This study examined family and cultural influences on adjustment among 90 low-income Latino middle school children (46% girls; average age=11.38, SD=.66) and their primary caregivers (93% female; average age=36.12, SD=6.13). All participants identified as Hispanic=Latino, with 75% of families identifying as Mexican-origin Latino, and 77% of parents and 32% of children identifying as immigrants. Hierarchical linear modeling analyses revealed that family reframing interacted with familism, with high levels of both associated with fewer psychological symptoms, whereas passive appraisal is linked to worse functioning. Results are discussed with regard to the implications of this research for preventive interventions with families in poverty.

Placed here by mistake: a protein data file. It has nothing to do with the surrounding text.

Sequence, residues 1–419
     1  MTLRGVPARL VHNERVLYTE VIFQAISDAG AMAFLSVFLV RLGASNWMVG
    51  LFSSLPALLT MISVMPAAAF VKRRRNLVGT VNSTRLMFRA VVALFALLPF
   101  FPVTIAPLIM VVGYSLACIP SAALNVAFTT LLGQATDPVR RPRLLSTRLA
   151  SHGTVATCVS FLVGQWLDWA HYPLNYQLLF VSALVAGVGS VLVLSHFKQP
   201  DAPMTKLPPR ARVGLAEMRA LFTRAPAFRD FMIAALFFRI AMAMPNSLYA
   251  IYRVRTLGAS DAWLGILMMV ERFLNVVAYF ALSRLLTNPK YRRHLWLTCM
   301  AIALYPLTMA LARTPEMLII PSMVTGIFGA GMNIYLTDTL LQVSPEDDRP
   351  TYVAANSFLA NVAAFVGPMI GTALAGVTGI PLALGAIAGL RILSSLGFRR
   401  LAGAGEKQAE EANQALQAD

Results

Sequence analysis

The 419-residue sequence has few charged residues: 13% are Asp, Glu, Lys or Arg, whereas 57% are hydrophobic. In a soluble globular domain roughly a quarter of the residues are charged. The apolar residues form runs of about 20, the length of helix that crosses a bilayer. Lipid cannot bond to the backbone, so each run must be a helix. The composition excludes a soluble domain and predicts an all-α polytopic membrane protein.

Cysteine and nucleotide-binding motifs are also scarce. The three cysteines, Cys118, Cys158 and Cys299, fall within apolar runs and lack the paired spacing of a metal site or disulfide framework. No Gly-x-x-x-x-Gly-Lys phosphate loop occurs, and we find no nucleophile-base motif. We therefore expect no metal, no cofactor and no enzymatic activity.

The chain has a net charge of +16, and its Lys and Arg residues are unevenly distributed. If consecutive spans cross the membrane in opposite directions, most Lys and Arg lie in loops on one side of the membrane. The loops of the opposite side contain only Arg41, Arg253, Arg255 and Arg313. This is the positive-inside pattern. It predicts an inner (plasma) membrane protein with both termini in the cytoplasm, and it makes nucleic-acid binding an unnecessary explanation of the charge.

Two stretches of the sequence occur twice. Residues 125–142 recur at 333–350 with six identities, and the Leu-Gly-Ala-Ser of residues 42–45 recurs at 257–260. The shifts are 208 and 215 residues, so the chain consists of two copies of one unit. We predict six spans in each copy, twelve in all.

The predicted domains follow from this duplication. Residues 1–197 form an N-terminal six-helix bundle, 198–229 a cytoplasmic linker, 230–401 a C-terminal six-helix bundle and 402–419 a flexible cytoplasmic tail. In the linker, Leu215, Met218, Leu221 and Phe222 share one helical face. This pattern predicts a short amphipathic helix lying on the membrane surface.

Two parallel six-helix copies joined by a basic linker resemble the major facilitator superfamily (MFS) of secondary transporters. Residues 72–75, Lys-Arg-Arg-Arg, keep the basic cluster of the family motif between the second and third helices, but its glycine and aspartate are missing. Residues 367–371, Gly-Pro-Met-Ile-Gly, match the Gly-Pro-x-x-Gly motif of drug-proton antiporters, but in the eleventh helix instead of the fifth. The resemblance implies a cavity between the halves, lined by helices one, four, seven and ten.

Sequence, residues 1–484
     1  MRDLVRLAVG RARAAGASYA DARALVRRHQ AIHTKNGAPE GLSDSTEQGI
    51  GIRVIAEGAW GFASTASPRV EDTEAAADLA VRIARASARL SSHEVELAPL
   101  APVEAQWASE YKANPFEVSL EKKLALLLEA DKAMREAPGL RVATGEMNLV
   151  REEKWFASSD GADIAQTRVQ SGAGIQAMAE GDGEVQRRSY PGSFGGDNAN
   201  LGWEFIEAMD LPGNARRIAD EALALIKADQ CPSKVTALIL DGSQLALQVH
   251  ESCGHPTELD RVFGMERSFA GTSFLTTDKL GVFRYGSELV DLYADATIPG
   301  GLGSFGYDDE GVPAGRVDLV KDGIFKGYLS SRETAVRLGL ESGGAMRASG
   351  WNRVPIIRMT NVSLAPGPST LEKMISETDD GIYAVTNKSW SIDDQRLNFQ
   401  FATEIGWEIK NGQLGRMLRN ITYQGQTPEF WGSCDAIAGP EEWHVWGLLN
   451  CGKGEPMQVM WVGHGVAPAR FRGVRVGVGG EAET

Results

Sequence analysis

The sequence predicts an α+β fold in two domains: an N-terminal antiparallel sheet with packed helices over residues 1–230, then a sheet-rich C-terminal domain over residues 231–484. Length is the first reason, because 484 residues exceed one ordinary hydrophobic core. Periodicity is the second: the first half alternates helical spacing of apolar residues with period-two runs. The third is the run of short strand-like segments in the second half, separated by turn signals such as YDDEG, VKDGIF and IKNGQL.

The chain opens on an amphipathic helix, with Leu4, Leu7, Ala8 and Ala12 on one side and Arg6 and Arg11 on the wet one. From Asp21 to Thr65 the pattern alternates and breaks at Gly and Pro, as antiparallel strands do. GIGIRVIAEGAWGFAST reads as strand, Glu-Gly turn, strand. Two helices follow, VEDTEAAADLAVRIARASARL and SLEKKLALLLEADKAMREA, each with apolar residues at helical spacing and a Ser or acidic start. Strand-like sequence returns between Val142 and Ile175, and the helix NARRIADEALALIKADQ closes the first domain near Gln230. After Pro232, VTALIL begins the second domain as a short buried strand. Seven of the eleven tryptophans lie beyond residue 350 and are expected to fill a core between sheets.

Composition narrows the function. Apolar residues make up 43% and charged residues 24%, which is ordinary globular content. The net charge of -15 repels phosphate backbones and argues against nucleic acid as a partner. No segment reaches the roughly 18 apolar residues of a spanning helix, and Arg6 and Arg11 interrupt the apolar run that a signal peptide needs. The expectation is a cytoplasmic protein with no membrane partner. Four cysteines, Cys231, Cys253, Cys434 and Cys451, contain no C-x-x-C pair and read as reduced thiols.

|Original language||English (US)|
|Number of pages||6|
|Journal||Journal of Clinical Child and Adolescent Psychology|
|State||Published - Mar 2011|
All Science Journal Classification (ASJC) codes
- Developmental and Educational Psychology
- Clinical Psychology